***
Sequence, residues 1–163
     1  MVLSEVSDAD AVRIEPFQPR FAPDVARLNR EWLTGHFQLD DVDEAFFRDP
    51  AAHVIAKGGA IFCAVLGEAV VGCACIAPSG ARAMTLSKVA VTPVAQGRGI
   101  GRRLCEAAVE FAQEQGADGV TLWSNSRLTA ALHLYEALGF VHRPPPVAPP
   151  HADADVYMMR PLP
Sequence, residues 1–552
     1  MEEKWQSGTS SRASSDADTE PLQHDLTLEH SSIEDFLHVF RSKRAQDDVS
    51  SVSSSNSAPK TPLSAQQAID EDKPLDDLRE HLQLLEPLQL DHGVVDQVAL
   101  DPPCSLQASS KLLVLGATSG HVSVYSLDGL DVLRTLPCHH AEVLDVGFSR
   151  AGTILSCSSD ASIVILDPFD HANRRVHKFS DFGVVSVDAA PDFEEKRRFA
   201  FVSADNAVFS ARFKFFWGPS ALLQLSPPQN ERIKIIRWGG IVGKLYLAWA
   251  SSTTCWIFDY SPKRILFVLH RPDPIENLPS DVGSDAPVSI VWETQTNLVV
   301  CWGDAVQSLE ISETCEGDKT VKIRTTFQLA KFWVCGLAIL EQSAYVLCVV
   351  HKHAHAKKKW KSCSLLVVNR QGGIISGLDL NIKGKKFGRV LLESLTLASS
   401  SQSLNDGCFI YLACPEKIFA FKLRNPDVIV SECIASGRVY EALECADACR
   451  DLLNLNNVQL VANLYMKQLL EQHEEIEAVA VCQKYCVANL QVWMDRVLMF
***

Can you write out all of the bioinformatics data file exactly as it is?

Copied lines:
Sequence, residues 1–163
     1  MVLSEVSDAD AVRIEPFQPR FAPDVARLNR EWLTGHFQLD DVDEAFFRDP
    51  AAHVIAKGGA IFCAVLGEAV VGCACIAPSG ARAMTLSKVA VTPVAQGRGI
   101  GRRLCEAAVE FAQEQGADGV TLWSNSRLTA ALHLYEALGF VHRPPPVAPP
   151  HADADVYMMR PLP
Sequence, residues 1–552
     1  MEEKWQSGTS SRASSDADTE PLQHDLTLEH SSIEDFLHVF RSKRAQDDVS
    51  SVSSSNSAPK TPLSAQQAID EDKPLDDLRE HLQLLEPLQL DHGVVDQVAL
   101  DPPCSLQASS KLLVLGATSG HVSVYSLDGL DVLRTLPCHH AEVLDVGFSR
   151  AGTILSCSSD ASIVILDPFD HANRRVHKFS DFGVVSVDAA PDFEEKRRFA
   201  FVSADNAVFS ARFKFFWGPS ALLQLSPPQN ERIKIIRWGG IVGKLYLAWA
   251  SSTTCWIFDY SPKRILFVLH RPDPIENLPS DVGSDAPVSI VWETQTNLVV
   301  CWGDAVQSLE ISETCEGDKT VKIRTTFQLA KFWVCGLAIL EQSAYVLCVV
   351  HKHAHAKKKW KSCSLLVVNR QGGIISGLDL NIKGKKFGRV LLESLTLASS
   401  SQSLNDGCFI YLACPEKIFA FKLRNPDVIV SECIASGRVY EALECADACR
   451  DLLNLNNVQL VANLYMKQLL EQHEEIEAVA VCQKYCVANL QVWMDRVLMF